MUSIC REVIEW: Sidney Myer Free Concerts: Valentine’s Day Concert

All of the elements of a beautiful Melbourne Saturday evening worked perfectly together for the Melbourne Symphony Orchestra’s Valentine day’s Concert in front of a packed crowd at the second of the free Sidney Myer Free Concerts for 2009.
MUSIC REVIEW: Sidney Myer Free Concerts: Valentine’s Day Concert
All of the elements of a beautiful Melbourne Saturday evening worked perfectly together for the Melbourne Symphony Orchestra’s Valentine day’s Concert in front of a packed crowd at the second of the free Sidney Myer Free Concerts for 2009. The balmy evening started with the Tchaikovsky’s Romeo and Juliet– Fantasy Overture, a popular choice with the audience and the romantic associations of the day. Oleg Caetani was in his element, with his Russian sensibility infusing every note. The Russian theme continued with the Rachmaninov that followed, the justifiably popular Piano Concerto no 2 with Amir Farid at the keyboard. This was a perfect program choice, as the performance provided the spectacle necessary for entertaining a large crowd in an open air venue. Farid delivered the ‘whole package’ so to speak, with a technically accomplished performance, full of the emotion that the occasion demanded. The importance of choosing accomplished young musicians at these free concerts cannot be underestimated as a source of inspiration for other young people. Young children throughout the audience were transfixed by Farid’s inspiring performance, which must have a long term effect upon musical futures. After the interval, the Adagietto from Mahler no 5 provided a wonderful backdrop to the fading light, contrasted with the rare sight of Southern Cross visible overhead from the bowl. Many of the audience may not have heard Mahler before, but demonstrated genuine appreciation of the performance, indicating that audiences are quite prepared to go beyond what programmers would consider ‘popular tastes’. The last program item, Ravel’s Daphnis and Chlöe: Suite no 2, would have been even less know to most of the audience, but the pure joy of this suite was a wonderfully romantic and accessible climax to a special event. The encore item, Ravel’s almost unbearably sad Pavane pour une infante défunte, was a contrast to the previous joyful music of the evening, and in view of the events of the preceding week’s bushfires, provided a time of quiet reflection. This event was so popular, that the gates of the Sidney Myer Music Bowl had to be shut, leaving thousands of people unable to enter the event, a testament to the drawing power of the orchestra. There was a real ‘buzz’ as the audience was leaving, and I’m sure that all of us, who managed to witness this event, will remember it for some time to come. Sidney Myer Free Concerts: Valentine’s Day Concert. Melbourne Symphony Orchestra, Sidney Myer Music Bowl, 14 February 2009, Melbourne. There are two more Sidney Myer Free Concerts (Wednesday, 18 February and 21 February 2009). For information on upcoming MSO concerts see www.mso.com.au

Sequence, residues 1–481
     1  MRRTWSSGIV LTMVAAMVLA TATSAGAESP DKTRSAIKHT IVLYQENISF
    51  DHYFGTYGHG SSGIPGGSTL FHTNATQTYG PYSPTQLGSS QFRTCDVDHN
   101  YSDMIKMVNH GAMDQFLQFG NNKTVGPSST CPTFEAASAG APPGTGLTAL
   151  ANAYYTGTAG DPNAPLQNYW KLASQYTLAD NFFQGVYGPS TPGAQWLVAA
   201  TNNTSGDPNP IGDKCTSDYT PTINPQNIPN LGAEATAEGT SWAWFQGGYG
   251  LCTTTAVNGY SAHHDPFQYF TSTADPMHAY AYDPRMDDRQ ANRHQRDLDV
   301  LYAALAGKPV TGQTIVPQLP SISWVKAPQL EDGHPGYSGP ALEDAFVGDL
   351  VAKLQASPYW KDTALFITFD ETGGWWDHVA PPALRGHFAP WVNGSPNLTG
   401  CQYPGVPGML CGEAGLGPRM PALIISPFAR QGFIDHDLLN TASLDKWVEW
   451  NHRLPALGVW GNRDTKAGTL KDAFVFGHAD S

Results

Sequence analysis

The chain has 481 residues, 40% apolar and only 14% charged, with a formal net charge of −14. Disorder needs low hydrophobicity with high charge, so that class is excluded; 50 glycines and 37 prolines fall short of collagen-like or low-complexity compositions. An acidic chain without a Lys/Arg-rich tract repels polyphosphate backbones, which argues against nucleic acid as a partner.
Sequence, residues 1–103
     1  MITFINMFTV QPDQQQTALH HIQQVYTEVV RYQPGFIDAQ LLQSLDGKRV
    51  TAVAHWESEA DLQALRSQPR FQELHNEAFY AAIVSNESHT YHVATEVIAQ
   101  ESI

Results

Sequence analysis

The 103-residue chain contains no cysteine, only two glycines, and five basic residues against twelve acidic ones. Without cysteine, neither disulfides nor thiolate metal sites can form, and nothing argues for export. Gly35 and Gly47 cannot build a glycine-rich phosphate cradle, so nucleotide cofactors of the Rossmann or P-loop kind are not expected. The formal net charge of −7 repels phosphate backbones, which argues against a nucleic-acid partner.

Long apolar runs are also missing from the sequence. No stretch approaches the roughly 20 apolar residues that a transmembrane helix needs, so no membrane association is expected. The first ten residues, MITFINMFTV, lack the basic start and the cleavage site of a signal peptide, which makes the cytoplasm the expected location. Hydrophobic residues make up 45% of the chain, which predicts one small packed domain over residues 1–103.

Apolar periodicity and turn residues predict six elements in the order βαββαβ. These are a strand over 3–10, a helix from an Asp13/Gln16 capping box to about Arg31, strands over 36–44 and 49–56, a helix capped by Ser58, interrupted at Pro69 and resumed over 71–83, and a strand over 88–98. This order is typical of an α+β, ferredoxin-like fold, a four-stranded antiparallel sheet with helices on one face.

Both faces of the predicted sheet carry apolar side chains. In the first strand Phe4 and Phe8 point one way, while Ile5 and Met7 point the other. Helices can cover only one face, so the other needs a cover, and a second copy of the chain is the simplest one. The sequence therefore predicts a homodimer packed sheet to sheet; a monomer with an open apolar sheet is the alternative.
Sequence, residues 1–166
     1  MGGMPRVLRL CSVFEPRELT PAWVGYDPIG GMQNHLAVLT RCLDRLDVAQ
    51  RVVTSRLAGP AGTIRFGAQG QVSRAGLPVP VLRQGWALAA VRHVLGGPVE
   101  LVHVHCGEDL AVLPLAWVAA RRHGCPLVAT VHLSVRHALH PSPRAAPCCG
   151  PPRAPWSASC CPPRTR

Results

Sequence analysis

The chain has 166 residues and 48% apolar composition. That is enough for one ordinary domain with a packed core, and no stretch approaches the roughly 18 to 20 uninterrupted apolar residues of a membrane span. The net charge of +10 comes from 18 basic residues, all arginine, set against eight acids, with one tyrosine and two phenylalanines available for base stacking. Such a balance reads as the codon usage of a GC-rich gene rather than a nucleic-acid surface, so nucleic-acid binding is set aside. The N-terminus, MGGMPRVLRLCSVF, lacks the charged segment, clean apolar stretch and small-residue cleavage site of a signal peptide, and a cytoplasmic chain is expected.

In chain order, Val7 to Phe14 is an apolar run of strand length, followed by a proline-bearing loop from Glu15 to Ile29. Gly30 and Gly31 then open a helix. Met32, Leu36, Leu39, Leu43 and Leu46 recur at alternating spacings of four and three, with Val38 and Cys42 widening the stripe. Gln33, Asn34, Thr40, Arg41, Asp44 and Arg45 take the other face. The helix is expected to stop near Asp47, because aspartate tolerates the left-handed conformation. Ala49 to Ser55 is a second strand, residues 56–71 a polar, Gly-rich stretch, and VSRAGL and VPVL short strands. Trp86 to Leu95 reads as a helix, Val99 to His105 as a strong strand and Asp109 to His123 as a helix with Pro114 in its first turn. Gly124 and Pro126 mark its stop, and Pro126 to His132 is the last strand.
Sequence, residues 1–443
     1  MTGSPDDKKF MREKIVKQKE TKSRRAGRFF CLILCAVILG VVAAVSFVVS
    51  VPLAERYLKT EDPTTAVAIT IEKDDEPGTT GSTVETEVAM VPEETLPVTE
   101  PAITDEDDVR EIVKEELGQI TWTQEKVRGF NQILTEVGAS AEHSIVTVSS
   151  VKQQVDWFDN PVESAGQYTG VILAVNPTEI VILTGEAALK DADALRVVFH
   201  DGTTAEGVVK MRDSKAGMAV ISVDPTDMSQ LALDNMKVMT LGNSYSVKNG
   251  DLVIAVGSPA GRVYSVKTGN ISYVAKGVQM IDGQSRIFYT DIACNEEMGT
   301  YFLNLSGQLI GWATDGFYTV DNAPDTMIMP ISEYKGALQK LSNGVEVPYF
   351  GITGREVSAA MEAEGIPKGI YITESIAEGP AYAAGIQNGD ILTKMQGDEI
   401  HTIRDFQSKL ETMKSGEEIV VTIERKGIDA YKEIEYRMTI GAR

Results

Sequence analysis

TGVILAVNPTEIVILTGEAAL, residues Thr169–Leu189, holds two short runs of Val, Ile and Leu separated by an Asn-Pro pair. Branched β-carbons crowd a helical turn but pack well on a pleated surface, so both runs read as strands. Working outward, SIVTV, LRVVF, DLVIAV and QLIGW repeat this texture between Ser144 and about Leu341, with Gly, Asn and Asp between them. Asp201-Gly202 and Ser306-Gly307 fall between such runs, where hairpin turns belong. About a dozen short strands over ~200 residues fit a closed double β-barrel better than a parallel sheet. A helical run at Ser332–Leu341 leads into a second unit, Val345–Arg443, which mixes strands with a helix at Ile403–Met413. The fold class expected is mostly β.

Ronald McCoy

Monday 16 February, 2009

About the author

Ronald McCoy is a Melbourne medico and educator with a passion for the arts. He is a singer and musician of classical and traditional music, and is the National Library of Australia, National Folk Fellowship Fellow for 2007-08. He has been a regular reviewer on the Melbourne scene for the past couple of years, has published on a wide variety of arts and medicine topics, but still spends far too many hours putting pen to paper writing.